In case you hadn't noticed, many physician specialties are in store for reduced reimbursements in the years ahead, as we transition to a payment system that is less and less reliant on fee-for-service and more focused on patient outcomes.
That leaves independent physician practices in a bit of a predicament. Sure, if you lead a practice, and if you're a smart planner, you're spending all the time you can to get your electronic medical record implemented in a "meaningful" way, if you know what I mean.
You're also reordering your staff's work priorities so that your high-dollar clinical employees spend time with patients, not with paperwork or scheduling. But you should also spend some time looking over your real estate, building, and operations costs as well.
That might mean scouting new locations if your practice is expanding, as has been the case for the (Portland) Oregon Clinic over the past two decades., Administrator Philip W. Armstrong sought savings wherever he could find them, and in building a new location for the expanding practice, he looked into green building techniques not only as public responsibility, but also as a way to save serious cash.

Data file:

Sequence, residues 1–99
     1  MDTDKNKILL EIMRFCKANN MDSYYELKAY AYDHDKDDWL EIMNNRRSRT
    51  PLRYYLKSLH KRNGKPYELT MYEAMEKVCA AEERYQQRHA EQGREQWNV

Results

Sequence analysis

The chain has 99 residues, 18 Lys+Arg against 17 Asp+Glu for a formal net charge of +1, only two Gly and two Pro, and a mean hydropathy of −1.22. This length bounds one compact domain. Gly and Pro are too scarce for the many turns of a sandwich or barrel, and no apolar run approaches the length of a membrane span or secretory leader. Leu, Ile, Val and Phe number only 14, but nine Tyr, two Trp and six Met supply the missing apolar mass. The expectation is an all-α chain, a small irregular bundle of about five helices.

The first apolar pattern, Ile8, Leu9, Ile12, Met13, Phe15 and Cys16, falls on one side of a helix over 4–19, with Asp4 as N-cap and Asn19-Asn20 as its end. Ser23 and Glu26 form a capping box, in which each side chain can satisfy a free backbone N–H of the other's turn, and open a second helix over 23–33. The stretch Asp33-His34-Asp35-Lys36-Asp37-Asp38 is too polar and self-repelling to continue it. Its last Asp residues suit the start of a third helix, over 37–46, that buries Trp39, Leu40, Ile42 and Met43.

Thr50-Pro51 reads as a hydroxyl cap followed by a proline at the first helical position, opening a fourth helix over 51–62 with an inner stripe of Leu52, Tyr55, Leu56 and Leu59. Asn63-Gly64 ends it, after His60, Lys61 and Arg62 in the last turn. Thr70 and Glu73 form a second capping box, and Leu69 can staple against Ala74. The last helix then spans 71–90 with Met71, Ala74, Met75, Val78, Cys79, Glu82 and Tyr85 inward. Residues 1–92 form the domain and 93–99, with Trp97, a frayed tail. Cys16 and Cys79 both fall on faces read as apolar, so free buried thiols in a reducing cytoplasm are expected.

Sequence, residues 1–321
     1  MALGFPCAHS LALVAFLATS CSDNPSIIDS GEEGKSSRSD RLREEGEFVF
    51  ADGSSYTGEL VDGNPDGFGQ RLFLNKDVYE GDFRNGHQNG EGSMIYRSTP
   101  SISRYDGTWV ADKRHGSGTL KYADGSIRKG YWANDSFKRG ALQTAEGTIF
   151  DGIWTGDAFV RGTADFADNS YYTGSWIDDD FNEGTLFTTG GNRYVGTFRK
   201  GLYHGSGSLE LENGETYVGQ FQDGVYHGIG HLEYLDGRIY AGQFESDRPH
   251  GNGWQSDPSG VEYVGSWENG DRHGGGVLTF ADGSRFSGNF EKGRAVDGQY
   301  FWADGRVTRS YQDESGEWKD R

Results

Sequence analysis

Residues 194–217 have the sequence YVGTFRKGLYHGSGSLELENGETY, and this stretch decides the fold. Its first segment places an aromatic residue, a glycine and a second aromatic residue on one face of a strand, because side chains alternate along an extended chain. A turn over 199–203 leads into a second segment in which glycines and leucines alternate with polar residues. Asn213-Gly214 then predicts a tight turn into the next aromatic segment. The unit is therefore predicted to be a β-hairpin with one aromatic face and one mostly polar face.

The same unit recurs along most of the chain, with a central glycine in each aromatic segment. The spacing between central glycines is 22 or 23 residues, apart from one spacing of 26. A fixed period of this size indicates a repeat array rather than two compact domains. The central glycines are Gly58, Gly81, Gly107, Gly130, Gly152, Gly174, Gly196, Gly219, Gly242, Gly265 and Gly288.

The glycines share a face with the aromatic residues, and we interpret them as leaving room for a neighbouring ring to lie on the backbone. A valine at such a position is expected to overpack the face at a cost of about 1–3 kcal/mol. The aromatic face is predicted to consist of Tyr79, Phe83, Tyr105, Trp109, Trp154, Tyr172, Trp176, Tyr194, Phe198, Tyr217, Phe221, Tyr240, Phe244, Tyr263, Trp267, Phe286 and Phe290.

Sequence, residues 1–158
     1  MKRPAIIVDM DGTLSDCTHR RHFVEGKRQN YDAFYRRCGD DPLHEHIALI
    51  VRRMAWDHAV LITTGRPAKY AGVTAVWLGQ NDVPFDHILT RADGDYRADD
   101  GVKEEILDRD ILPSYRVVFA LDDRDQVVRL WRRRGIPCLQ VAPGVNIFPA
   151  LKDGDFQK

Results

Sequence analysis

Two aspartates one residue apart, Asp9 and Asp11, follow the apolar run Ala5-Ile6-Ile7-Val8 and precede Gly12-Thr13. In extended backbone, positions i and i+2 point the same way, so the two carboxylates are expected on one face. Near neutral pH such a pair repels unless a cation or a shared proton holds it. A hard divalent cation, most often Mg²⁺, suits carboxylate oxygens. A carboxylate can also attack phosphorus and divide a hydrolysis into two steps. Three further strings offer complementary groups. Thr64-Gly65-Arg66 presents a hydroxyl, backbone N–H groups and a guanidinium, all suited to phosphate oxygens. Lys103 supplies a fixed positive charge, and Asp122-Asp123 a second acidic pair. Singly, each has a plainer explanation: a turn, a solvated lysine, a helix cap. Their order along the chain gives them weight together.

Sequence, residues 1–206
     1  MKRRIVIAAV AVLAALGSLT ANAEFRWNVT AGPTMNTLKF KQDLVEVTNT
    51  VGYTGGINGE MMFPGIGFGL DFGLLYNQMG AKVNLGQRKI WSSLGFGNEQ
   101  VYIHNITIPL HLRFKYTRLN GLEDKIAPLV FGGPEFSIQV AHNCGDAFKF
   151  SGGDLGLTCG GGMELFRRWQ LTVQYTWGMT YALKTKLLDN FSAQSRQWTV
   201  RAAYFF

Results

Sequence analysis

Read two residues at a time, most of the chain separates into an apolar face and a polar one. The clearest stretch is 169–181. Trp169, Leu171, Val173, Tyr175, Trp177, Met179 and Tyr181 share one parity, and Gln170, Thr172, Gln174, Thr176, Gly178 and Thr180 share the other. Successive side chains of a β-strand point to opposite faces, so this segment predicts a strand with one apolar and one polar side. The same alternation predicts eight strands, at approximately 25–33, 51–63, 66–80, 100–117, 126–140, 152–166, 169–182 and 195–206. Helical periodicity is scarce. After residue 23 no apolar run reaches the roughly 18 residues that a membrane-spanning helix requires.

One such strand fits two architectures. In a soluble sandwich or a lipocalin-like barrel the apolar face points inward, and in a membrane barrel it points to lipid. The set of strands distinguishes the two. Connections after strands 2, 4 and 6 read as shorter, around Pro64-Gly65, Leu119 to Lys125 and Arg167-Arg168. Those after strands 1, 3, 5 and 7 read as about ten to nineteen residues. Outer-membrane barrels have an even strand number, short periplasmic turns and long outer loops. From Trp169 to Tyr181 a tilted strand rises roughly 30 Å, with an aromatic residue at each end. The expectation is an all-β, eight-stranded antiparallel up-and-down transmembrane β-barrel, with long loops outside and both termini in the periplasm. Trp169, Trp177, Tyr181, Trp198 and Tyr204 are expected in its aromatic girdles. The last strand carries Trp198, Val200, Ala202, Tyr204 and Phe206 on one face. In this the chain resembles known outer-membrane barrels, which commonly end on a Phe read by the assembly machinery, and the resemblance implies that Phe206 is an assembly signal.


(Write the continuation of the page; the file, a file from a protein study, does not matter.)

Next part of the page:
If you're looking for the epicenter of the green building movement, you could do worse than pinpointing your map to Portland, where the Oregon Clinic is among a swath of businesses that are using green techniques in construction and saving money now. The multispecialty group practice has grown from 40 physicians at its birth in 1993 to 125 now, and by 2006, the location where its specialists are housed was outgrown.